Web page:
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Massage Aha!

Professional therapeutic massage therapy in Kansas City, MO by Aaron Harris, BCTMB

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On Being a Male Massage Therapist


I have heard objections to hiring a male massage therapist many times over the years.

“I could never have another man ‘rub my body’ like that.”

“I don’t think I would be comfortable with a man I don’t know coming to my house.”

“I just can’t relax around a man.”

Let me make two points very clear right from the start:

  1. I’m not interested in a debate about systemic discrimination against women in the workplace. There is no debate. Women have been making less money, been denied hard-earned promotions and advancements, suffered sexual harassment and mortifying situations in the workplace for as long as they have been ‘allowed’ to work.
  2. Most of the objections, especially from men, stem from an ingrained negative stereotype of massage therapists as a type of sex worker.

To my first point, in California, women make up nearly 90% of all certified massage therapists.

This is an industry where being a woman is actually an advantage.

I have been denied employment at more than one spa because they were specifically looking to hire women. I am not whining. I’m not even remotely irritated by this. I’m just stating a fact.

This is one reason, among many, that I chose to focus my massage practice on clinical and medical massage.

Wrong or right, many clients feel more comfortable discussing the scientific aspects of their health care and treatments with a male therapist.

There are simply more opportunities in clinical settings for a male therapist.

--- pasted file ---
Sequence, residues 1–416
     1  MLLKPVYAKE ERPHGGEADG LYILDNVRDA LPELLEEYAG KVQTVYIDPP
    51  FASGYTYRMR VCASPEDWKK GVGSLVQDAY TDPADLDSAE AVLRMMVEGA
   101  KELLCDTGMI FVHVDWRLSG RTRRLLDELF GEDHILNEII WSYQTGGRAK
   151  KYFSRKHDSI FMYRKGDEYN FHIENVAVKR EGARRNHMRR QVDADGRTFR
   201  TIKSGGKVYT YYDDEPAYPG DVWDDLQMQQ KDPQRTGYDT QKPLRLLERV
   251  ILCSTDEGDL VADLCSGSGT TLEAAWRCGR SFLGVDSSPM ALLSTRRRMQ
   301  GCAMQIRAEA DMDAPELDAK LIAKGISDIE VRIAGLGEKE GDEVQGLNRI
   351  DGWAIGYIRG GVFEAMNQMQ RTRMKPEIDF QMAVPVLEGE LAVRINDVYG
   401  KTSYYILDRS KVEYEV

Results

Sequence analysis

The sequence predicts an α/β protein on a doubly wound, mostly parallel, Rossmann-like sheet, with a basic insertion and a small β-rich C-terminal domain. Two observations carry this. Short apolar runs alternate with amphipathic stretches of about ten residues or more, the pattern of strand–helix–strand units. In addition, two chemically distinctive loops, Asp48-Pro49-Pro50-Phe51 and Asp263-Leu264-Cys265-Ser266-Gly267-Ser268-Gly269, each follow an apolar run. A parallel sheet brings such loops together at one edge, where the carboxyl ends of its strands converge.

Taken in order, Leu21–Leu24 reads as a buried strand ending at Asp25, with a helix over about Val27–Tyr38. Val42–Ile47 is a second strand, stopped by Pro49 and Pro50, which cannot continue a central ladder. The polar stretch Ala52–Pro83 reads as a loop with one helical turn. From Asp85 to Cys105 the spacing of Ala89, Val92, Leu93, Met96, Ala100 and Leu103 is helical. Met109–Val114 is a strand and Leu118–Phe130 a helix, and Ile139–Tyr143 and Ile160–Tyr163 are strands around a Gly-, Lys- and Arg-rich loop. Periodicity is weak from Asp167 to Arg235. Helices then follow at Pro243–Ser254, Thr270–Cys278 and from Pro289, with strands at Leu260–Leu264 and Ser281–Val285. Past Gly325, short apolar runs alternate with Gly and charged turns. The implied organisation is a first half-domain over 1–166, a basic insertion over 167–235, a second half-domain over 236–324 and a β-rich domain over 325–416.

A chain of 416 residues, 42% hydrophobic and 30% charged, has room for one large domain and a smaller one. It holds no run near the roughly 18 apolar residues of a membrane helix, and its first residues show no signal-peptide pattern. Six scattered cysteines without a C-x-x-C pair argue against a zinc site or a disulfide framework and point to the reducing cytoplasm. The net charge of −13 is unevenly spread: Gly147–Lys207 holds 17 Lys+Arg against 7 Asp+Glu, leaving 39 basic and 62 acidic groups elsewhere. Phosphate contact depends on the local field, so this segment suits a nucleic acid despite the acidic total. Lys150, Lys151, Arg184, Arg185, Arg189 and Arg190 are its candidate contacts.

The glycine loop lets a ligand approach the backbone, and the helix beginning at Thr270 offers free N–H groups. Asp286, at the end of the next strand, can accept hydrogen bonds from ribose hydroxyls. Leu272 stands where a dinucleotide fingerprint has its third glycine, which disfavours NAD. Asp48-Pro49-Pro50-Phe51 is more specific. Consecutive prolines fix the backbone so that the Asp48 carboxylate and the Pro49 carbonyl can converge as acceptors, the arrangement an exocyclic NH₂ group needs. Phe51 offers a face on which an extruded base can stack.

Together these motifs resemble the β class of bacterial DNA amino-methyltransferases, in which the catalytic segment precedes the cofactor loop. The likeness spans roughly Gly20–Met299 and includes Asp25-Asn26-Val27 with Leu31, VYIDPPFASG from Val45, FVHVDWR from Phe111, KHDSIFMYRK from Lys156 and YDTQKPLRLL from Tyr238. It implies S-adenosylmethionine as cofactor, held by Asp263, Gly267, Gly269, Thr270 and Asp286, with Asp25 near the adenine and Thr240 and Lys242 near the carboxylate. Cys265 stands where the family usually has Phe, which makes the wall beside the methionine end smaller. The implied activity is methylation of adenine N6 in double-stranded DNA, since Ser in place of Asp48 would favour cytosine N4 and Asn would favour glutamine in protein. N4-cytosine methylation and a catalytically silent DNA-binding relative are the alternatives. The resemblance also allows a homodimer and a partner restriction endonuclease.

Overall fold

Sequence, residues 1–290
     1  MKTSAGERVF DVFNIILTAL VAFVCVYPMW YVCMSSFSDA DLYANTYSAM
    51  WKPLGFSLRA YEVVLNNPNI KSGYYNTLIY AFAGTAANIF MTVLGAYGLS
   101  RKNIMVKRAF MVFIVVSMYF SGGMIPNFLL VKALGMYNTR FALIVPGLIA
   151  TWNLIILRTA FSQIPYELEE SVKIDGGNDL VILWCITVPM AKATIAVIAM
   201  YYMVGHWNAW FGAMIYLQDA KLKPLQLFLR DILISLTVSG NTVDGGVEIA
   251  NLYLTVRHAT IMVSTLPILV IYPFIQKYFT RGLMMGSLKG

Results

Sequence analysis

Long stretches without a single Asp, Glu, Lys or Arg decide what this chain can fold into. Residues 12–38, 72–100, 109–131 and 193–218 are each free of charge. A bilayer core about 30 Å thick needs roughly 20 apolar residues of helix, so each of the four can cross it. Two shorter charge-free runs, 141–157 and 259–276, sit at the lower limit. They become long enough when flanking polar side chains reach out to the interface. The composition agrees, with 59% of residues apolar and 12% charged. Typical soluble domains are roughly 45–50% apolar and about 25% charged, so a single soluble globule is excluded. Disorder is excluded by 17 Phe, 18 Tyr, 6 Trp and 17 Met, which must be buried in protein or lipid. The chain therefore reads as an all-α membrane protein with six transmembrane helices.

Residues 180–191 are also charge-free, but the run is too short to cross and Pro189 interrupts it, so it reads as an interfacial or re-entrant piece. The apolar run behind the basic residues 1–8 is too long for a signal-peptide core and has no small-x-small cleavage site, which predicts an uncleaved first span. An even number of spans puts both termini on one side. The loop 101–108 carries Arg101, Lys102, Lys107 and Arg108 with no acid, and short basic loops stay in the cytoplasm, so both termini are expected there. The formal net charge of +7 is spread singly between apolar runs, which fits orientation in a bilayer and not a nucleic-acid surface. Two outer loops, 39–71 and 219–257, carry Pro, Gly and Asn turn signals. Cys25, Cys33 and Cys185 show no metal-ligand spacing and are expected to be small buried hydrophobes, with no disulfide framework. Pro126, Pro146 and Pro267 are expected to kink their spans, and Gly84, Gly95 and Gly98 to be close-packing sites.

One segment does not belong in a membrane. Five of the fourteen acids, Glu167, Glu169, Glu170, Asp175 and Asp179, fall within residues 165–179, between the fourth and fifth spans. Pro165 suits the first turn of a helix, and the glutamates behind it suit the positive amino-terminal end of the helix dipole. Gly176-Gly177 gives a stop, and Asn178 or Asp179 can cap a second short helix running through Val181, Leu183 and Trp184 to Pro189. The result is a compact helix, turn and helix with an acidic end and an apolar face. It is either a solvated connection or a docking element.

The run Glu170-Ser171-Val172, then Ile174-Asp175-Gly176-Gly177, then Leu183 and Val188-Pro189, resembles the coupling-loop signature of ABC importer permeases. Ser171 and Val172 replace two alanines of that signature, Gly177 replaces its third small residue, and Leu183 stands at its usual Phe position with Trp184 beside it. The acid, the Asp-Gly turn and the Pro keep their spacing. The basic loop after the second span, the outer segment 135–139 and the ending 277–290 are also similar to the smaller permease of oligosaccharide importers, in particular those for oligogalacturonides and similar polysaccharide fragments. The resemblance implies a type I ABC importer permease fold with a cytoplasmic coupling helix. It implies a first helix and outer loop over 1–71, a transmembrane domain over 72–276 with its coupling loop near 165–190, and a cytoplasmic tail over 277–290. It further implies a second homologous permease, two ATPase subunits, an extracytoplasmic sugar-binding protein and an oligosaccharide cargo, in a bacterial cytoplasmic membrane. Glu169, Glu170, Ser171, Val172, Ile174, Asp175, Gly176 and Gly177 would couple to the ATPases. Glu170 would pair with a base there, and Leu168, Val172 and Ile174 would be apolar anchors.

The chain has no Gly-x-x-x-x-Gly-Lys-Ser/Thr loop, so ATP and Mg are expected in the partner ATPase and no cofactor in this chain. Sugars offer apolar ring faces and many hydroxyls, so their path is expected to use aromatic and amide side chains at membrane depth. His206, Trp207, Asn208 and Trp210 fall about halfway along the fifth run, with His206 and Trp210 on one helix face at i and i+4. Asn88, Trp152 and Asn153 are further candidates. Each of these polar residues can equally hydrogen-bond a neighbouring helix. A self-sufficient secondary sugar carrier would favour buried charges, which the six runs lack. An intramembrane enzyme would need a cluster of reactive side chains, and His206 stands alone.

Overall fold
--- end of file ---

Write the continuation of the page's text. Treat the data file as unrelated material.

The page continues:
Male Symbol
I'm a Male Massage Therapist. Wanna fight about it?

The Battle Against a Common Stereotype: Massage as Sex Work

Regarding my second point above, there is a pervasive stereotype of massage therapists as prostitutes.

Fueled by decades of massage fantasy pornography, news reports of sex trafficking rings being run out of “massage parlors,” and stand up comedy routines about “rub and tug” businesses have contributed to and perpetuated this stereotype.

And the truth is, yes, there are many sex workers who pose as massage therapists.

Yes, there are sex trafficking rings that masquerade as legitimate businesses.

When you have a business that is at its core personal and intimate, taking place in private rooms, often late at night, there are bound to be bad actors.

The vast majority of massage therapists, however, conform to professional standards and ethics.

This doesn’t mean that our clients don’t occasionally try to fulfill their misguided fantasies. They do.

I’ve gotten pretty good at identifying those clients very early in the assessment and can set their expectations from the beginning of the session.

If you're looking for a 'happy ending,' there's a movie theater down the street. You'll find one there.

Why the Gender of Your Massage Therapist Doesn't Matter

A properly trained massage therapist uses body mechanics, not simple strength in their arms or hands, to perform bodywork.

With proper mechanics, any therapist, male, female, or other can deliver enough pressure to access and effectively manipulate any muscle in your body.

And trust me when I say that I’ve had some of the most painful, firm massages in my life at the hands of a barely 5 foot tall, 90 pound woman.

And, some of the weakest from men built like football players.

Simply put, there is no difference in the strength of a massage based on whether the therapist is male, female, or somewhere else on the gender spectrum.

What About the Therapist Seeing You Naked?